Some of you may be scratching your heads right now. “I thought we only talked about money during October?” That’s not the case. See, what we do with our money is part of our discipleship. Discipleship means following Jesus. What we do with our money is absolutely part of how we follow our Lord.

And this is where I want to clear up a common misconception. Giving money to the church is not about giving money to the church budget. The church is not just another charity that receives whatever money we have leftover at the end of the month. The church is the earthly image of the Kingdom of God, and we give to God through the church. We put our treasures here, in the church, in the Kingdom of God, because this is where our hearts are meant to be. That is what Jesus is talking about. Our hearts are never settled and fly from one passion to one another. But God created our hearts to be in one place, and that is here, in the church. We were created by God to be here. And if our hearts are here, then so should our treasures. Part of following Jesus with our heart and body and mind, is following Jesus with our checkbook.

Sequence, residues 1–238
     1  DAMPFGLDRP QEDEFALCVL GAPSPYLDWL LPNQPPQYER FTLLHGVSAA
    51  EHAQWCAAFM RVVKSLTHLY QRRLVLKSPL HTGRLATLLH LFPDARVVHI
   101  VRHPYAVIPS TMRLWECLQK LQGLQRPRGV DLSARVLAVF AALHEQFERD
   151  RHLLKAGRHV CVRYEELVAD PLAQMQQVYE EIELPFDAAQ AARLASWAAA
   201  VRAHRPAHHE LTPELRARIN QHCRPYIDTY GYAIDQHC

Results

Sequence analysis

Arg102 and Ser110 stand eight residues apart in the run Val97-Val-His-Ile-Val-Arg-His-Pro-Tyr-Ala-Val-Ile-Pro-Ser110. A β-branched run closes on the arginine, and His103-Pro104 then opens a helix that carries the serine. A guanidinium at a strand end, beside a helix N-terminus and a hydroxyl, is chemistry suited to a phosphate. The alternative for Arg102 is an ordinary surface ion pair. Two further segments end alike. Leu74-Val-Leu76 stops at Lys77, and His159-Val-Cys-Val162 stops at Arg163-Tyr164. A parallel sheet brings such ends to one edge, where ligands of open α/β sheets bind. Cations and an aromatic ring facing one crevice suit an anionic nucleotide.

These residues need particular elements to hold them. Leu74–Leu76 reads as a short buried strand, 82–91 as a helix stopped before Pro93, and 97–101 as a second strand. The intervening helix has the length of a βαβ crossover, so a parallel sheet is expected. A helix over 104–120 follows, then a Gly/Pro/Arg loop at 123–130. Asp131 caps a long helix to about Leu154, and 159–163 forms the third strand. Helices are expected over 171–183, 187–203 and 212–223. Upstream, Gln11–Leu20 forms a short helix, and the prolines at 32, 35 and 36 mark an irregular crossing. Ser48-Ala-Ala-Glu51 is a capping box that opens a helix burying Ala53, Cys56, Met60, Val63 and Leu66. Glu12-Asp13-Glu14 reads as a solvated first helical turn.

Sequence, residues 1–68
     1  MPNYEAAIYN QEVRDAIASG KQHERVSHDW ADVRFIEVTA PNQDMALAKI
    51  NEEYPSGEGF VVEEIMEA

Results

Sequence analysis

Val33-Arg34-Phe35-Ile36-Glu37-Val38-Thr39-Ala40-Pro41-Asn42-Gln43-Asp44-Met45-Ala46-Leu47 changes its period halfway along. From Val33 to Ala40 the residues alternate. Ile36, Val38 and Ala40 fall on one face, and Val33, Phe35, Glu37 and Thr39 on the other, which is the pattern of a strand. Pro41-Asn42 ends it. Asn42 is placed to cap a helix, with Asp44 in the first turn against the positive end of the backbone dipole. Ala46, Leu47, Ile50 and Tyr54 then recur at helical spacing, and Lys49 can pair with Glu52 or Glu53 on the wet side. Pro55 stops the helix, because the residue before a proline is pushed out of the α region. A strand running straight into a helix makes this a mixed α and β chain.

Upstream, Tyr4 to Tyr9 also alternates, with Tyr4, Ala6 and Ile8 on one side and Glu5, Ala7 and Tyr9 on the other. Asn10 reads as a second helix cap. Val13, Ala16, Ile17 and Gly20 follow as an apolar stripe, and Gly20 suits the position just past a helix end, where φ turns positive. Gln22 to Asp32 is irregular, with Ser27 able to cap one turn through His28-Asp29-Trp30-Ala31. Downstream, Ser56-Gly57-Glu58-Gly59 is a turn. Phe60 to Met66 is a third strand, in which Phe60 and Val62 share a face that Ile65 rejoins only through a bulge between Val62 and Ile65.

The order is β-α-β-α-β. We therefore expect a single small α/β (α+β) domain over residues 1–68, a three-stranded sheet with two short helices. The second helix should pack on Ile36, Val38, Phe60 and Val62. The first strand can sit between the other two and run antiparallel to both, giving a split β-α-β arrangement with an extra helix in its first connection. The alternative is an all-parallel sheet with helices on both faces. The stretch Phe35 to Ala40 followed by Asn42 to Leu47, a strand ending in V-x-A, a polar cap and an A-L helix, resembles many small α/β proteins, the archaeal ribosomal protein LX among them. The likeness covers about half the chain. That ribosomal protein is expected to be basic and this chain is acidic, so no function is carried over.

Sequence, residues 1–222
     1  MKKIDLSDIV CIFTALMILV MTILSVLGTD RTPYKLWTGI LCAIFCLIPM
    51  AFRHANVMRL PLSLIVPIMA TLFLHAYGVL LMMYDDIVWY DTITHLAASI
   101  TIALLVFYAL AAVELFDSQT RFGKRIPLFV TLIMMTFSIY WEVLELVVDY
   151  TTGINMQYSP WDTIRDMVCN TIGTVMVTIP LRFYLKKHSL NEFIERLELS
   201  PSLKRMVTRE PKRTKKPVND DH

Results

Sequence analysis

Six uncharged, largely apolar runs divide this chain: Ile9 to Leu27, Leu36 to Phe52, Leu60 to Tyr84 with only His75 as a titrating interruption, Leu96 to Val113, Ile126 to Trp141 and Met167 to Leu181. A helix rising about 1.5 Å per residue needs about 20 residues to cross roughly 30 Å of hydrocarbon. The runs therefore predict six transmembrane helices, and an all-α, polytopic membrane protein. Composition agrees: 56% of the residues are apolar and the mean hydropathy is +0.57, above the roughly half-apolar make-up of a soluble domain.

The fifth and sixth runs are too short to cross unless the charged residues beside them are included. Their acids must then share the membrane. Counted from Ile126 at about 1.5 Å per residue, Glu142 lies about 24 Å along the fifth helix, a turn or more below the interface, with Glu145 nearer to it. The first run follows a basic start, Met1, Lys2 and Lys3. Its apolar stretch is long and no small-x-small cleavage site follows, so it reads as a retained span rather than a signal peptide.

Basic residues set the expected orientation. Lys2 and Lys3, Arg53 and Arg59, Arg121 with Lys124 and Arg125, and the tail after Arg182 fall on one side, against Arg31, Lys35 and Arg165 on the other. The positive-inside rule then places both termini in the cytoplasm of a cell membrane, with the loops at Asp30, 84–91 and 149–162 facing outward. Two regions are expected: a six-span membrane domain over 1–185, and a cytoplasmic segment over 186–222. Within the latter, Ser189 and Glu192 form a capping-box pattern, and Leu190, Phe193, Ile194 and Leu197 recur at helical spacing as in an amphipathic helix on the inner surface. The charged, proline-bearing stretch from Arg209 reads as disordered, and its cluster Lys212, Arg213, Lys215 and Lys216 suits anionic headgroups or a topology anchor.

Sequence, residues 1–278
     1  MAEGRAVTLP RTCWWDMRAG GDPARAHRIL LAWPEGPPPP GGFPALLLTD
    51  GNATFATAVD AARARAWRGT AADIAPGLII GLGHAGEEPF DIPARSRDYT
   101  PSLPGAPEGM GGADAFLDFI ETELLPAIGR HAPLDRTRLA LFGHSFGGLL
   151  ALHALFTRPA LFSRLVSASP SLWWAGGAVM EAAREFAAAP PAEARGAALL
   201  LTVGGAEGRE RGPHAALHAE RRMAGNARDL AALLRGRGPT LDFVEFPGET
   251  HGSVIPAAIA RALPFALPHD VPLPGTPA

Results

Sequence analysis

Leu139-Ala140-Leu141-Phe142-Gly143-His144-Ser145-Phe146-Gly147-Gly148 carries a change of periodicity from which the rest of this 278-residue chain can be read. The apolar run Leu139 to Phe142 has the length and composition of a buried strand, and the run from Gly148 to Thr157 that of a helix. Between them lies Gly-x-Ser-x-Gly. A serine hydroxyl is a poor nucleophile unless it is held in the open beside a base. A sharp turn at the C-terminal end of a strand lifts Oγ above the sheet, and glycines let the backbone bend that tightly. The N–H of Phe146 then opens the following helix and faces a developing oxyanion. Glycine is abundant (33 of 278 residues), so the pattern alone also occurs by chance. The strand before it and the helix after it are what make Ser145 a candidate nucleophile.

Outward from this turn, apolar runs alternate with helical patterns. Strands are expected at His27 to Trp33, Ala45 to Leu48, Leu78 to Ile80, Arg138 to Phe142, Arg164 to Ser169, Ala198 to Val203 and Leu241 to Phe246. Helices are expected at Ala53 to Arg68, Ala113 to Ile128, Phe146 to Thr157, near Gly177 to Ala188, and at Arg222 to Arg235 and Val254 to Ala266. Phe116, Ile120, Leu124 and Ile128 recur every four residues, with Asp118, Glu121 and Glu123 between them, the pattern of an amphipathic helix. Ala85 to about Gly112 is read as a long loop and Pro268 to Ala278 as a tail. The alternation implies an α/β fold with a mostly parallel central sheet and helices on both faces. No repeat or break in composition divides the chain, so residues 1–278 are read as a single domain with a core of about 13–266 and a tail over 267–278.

Two weeks ago, a very prominent Episcopalian died. His name was George Mitchell. Yes, the George Mitchell that created The Woodlands, the George Mitchell that owns just about everything on Galveston island, the George Mitchell that capitalized on fracking for natural gas. That George Mitchell. And George Mitchell was a very, very wealthy man. But when he was buried from Trinity Episcopal Church on Galveston island, it could have been a service for you or for me. The service itself, the burial liturgy, is the same for rich and poor alike. All the wealth and fame that George Mitchell accumulated over his lifetime was left behind. None of that went into the grave with him.